Thinking about and planning for what happens after you pass away can be uncomfortable, but it’s essential to leave a legacy behind for your loved ones.
Creating an intentional estate plan allows you to accomplish this. An estate planning attorney can help you craft a personalized estate plan that suits your situation and preferences.
At The Zimmerman Law Firm, P.C., we take the time to understand your circumstances and wishes. Then, we work with you to curate a plan that reflects your priorities.
What Is an Estate Plan?
Estate planning is the process of creating a plan, a set of legal documents, that outlines your wishes for the management of your personal affairs and the distribution of your assets after you pass away.
The possessions and other things that you leave behind after your death are legally called your estate. Your estate consists of the property, both real and personal, that you own at the time of your death.
Real property includes land and improvements (such as fences and buildings) located on the land. Real property also includes oil, gas, and other mineral interests. Personal property is all property other than real property, including:
- Cash and bank accounts,
- Clothing and personal effects,
- Household furnishings,
- Motor vehicles,
- Stocks and bonds,
- Life insurance policies, and
- Government, retirement, or employee benefits.
Properly identifying and classifying your property can help you create an appropriate estate plan. For example, you might place some of your property in a trust to reduce the value of your estate, thus decreasing the total estate tax.
An estate planning lawyer can help you identify and categorize your assets to create an estate plan that fits your circumstances, preferences, and budget.
Why Do I Need an Estate Plan?
While the topic of death may be uncomfortable for some to consider, having an estate plan is crucial for protecting your family, ensuring your wishes are carried out, and avoiding potential legal issues.
In this way, estate planning can be another way to show care and compassion to your loved ones even after you’re gone.
Without an estate plan, your family may have to go through a lengthy and expensive probate process to distribute your assets.
Having an estate plan can help your family avoid probate and minimize the time and cost involved in managing your affairs.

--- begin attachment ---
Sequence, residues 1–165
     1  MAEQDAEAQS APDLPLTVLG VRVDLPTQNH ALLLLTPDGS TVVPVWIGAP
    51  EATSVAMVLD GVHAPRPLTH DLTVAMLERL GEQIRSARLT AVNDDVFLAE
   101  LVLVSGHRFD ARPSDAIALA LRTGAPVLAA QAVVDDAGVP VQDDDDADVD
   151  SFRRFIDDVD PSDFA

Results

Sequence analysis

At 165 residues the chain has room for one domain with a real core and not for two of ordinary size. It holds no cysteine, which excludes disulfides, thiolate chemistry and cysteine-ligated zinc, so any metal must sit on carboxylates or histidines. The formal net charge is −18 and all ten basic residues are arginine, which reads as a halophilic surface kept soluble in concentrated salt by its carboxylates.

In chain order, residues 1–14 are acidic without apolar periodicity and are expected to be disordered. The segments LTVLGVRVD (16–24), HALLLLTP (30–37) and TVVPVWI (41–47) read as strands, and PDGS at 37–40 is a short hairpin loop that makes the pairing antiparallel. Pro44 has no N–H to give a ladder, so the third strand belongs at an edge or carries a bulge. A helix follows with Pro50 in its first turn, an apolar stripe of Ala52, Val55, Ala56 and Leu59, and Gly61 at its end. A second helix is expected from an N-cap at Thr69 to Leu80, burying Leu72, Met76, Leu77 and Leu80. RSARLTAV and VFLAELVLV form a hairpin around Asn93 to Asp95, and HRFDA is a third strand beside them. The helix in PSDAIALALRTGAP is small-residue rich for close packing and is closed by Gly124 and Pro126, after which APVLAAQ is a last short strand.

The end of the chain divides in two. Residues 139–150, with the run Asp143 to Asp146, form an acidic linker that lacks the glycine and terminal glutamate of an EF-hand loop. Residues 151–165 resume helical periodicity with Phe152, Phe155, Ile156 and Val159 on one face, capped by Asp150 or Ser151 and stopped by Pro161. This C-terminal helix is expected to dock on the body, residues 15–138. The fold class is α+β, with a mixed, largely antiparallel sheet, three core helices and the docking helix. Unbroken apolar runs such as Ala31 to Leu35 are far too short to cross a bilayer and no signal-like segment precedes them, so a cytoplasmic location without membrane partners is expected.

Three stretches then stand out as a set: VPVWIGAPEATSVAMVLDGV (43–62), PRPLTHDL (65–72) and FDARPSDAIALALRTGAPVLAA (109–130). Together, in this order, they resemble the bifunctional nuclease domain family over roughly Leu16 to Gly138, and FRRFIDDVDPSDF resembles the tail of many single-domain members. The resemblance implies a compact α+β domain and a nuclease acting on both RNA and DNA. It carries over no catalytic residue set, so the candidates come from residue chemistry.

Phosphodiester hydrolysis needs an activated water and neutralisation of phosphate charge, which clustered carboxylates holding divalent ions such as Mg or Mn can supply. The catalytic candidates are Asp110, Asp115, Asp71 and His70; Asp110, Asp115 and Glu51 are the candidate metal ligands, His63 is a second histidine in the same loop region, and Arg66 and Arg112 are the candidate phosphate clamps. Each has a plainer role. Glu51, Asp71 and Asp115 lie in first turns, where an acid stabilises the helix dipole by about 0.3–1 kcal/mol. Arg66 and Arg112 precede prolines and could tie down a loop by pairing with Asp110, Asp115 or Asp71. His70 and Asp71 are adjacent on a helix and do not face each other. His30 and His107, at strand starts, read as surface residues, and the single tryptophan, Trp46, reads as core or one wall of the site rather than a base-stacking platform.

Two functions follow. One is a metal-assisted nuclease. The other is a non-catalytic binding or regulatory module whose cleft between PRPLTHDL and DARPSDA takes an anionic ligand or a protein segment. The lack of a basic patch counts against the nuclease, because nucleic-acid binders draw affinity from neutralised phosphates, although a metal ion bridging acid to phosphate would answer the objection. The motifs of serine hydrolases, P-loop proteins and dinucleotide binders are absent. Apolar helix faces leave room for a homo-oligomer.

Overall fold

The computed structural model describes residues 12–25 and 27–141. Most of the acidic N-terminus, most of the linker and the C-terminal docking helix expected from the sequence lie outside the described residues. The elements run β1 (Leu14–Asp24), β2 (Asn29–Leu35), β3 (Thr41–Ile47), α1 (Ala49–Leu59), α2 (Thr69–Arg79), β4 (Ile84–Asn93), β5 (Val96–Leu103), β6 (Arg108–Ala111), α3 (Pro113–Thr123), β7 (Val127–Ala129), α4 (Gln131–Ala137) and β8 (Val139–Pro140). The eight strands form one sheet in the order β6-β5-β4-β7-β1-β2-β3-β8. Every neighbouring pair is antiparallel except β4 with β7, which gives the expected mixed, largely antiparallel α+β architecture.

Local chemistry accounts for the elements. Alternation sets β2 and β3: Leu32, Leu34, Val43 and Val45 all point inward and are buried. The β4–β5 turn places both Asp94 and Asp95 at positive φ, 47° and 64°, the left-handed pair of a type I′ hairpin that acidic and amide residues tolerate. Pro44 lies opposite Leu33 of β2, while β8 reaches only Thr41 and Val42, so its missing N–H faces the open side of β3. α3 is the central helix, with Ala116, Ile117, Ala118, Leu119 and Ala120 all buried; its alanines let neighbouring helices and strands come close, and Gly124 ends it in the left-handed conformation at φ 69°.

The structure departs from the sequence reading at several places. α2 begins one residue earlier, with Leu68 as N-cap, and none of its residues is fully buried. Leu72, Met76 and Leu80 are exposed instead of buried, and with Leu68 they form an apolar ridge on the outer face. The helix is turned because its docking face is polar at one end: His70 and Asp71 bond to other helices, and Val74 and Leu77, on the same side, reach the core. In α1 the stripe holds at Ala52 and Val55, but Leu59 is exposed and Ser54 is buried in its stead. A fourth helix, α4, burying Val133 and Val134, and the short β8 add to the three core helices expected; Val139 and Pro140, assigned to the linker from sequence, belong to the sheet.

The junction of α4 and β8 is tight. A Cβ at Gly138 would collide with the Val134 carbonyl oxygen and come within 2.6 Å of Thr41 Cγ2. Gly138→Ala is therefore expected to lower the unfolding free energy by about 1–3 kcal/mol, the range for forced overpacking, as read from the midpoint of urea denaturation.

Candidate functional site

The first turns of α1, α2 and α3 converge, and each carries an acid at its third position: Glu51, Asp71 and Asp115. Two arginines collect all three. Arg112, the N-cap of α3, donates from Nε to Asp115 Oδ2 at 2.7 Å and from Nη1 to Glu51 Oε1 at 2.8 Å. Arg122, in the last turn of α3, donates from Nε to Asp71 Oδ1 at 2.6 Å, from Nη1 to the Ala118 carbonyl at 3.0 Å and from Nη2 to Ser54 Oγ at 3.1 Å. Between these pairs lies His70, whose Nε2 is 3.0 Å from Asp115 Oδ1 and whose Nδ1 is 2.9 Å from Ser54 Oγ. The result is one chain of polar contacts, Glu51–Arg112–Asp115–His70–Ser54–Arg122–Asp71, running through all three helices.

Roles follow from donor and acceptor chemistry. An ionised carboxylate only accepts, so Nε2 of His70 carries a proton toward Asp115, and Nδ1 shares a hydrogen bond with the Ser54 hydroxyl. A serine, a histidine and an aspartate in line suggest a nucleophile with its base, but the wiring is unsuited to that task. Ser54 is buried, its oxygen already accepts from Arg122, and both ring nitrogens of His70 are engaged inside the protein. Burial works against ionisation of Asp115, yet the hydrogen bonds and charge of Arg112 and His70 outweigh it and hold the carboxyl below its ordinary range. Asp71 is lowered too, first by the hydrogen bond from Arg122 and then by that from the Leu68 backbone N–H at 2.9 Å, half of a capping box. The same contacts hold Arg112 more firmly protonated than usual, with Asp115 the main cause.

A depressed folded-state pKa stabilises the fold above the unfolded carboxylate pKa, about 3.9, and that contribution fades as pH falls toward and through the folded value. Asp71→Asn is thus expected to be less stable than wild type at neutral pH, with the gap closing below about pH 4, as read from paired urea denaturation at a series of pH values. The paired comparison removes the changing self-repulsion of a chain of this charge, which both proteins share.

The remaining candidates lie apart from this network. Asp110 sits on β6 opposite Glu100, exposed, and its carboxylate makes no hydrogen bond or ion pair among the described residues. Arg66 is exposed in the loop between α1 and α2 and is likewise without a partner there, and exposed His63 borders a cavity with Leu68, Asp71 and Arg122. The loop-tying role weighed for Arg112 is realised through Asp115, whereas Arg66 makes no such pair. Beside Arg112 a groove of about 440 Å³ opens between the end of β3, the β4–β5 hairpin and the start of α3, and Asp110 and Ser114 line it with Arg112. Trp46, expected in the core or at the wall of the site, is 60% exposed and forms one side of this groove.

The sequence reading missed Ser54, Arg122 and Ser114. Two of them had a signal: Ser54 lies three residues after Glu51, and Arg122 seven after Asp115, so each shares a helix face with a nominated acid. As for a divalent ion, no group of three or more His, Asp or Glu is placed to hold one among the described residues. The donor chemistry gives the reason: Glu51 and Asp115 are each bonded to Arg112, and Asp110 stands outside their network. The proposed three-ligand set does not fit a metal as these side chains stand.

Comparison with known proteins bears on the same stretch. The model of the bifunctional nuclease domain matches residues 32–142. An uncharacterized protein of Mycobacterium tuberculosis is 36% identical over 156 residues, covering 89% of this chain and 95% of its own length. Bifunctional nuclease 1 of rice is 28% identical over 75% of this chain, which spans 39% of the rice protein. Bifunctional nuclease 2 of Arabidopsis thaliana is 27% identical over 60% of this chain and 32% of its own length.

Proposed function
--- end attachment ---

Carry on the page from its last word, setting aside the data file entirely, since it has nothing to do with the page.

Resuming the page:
What Happens If I Die Without an Estate Plan?
If you pass away without an estate plan, Texas law will decide how your assets are distributed for you. These laws provide a default plan for distributing assets, but may not align with your wishes.
By having an estate plan, you can ensure that your assets are distributed according to your preferences rather than leaving it up to the state.
What Are Examples of Texas Estate Planning Documents?
In Texas, there are several types of estate planning that a person can consider. Each serves an essential function in the estate planning process. Common types of estate planning documents include the following:
- Deeds (including Lady Bird Deeds and Transfer on Death Deeds),
- Powers of Attorney,
- HIPAA Releases, and
- Directives to Physicians (also known as Advance Directives or Living Wills).
You can read more about each of these estate planning documents below.
A Will is a legal document that contains a set of detailed instructions about who is to receive your property upon your death.
In a Will, you can also name a guardian for your minor children and designate who should be responsible for carrying out your wishes after you are gone (an executor).
Trusts are legal arrangements in which a person’s property is held by a trustee (the person responsible for carrying out any instructions in the trust) for the benefit of one or more beneficiaries.
People often use trusts to provide support to themselves and their loved ones and to avoid the sometimes costly and cumbersome probate process.